Patrick Faller's Reviews > The Mysteries of Pittsburgh

The Mysteries of Pittsburgh by Michael Chabon
Rate this book
Clear rating

by
M 50x66
's review
Jan 20, 09

really liked it

Chabon's first novel is very much a young man's pursuit of that mysterious state of grace that is adulthood postponed. A very quick, sexy, engaging read, this novel deals with Art Beckstein's struggle to reach an accord with "[his:] father, the gangster", his confused sexuality, the death of his mother, and whether and to what extent he should be made to suffer for his father's sins. There's a great deal of energy, and youthful whimsy--much of which is driven by the mystery of our pasts and whether we can truly escape the circumstances of our birthrights--but at times the novel falls victim to the various conflicting genres that shape its character struggles. One feels as though Chabon were consciously trying to break rules by bringing conventional crime-story plot twists to help wrest the story from its beohemian tryst element; whenever Art's sexual confusion borders on the extreme, in comes Cleveland, or Art's father, and Art is once again made to question the ethical dimensions of crime and his role in his father's life. As rough as the ride gets, however, it's one that's very much worth taking, especially for those who've loved Chabon's later work; there's nothing quite like watching a writer come into his own, and this novel, for all its faults, is Chabon's messy coming-of-age.
flag

Sign into Goodreads to see if any of your friends have read The Mysteries of Pittsburgh.
Sign In »

Comments (showing 1-3 of 3) (3 new)

dateDown arrow    newest »

message 1: by Lori (new)

Lori I remember not really liking this novel so well although the description of some of the neighborhoods I know like Highland Park were good, the Pittsburgh crime scene here felt a little well unreal. Also, I don't think I really liked the characters that much and so, for me, the character's coming of age wasn't enjoyable. But it seems like I should read any book set in Pittsburgh. I don't know if I would like Chabon's later work since this book kind of made me not want to read it. Maybe his work is just not my style. Do you have any recommendations for other books by him?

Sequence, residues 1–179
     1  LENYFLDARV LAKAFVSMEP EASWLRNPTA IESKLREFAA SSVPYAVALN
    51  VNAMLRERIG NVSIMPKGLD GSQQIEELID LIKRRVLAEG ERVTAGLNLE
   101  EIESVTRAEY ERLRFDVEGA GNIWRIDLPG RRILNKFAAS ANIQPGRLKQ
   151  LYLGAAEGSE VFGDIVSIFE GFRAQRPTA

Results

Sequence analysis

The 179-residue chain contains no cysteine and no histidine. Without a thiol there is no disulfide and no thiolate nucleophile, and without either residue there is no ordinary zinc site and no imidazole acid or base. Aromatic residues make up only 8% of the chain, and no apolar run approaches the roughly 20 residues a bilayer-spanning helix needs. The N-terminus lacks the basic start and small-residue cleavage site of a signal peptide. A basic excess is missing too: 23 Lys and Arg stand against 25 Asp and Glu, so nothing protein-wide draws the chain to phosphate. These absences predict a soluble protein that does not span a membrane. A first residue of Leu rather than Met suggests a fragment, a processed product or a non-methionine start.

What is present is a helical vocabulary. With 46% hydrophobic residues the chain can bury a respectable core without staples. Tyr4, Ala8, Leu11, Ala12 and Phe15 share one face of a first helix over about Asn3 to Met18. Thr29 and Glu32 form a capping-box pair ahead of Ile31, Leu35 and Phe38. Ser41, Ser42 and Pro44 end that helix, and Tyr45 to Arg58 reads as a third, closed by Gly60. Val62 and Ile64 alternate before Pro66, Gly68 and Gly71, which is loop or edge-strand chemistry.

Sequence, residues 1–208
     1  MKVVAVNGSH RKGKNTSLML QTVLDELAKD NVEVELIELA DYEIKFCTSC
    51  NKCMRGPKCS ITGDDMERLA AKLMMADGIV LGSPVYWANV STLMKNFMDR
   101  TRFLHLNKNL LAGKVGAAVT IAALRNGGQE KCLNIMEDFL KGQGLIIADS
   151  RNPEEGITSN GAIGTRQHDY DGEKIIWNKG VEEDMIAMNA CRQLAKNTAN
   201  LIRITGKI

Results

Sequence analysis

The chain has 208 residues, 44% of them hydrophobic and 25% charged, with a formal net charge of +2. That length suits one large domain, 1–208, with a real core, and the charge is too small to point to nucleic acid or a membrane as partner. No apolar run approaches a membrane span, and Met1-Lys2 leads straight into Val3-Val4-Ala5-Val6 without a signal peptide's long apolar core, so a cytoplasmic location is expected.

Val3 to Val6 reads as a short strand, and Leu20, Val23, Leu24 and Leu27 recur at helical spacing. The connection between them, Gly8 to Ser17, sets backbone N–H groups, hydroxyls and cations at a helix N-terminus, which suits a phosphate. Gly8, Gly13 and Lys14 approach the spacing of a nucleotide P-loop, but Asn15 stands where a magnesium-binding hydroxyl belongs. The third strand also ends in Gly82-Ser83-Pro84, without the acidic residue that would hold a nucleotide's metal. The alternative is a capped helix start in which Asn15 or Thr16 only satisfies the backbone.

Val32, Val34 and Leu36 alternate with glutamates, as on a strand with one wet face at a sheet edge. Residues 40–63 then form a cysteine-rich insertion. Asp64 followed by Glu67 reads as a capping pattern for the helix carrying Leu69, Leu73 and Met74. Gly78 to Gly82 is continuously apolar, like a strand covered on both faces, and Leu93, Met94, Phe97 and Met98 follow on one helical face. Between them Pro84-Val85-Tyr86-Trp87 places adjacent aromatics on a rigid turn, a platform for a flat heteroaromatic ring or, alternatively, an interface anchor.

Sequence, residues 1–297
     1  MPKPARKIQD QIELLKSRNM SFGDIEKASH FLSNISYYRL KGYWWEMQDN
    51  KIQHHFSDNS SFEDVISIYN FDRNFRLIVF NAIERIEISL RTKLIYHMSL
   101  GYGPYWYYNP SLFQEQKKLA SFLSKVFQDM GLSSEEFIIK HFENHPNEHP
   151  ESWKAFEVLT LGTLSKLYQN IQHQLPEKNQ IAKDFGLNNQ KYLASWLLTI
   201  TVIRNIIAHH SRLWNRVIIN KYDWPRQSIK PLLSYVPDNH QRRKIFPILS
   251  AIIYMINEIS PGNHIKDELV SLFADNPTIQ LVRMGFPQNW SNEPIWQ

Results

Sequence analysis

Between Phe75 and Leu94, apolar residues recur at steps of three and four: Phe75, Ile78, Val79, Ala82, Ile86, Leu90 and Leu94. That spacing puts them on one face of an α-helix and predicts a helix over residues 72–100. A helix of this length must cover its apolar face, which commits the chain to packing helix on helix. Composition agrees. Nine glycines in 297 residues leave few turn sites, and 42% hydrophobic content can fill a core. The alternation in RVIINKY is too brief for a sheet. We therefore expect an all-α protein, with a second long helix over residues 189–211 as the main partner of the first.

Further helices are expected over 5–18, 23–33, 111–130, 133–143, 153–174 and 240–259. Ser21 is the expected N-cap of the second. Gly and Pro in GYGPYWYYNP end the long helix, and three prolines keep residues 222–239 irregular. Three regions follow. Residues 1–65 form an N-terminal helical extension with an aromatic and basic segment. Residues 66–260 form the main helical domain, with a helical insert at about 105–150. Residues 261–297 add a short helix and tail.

Patrick Faller Lori wrote: "I remember not really liking this novel so well although the description of some of the neighborhoods I know like Highland Park were good, the Pittsburgh crime scene here felt a little well unreal...."

Chabon's an author interested in writing genre-bending literary fiction. I've liked his short stories because they allow you to get into and out of his worlds very quickly. I've never been able to barrel through his work as I can with some authors, and this is perhaps because his prose style bears a haughtiness that infects his characters and the story he's telling, so I always feel slightly pushed away or put down by what he's telling. This may be the point--it's such a consistent element of Chabon's work, this pushing-away, that I'd have to think he was this kind of person or that he was somehow, subconsciously, maybe, trying to reinforce the disjunction between his fictional worlds and characters and his reader.

Pick up "Werewolves in Their Youth." He certainly has a firm grasp of craft, and it's best displayed here. The big novel, Kavalier and Clay, is worth a look if you've got a month to spend. This was a book I had particular trouble staying with, but felt rewarded for my efforts when I'd finished it.




message 3: by Lori (new)

Lori Thanks for the recs. I'll add them to my to-read list. I'm up to give them both a try if I can learn something from them, though it may be a while before I get to it.


back to top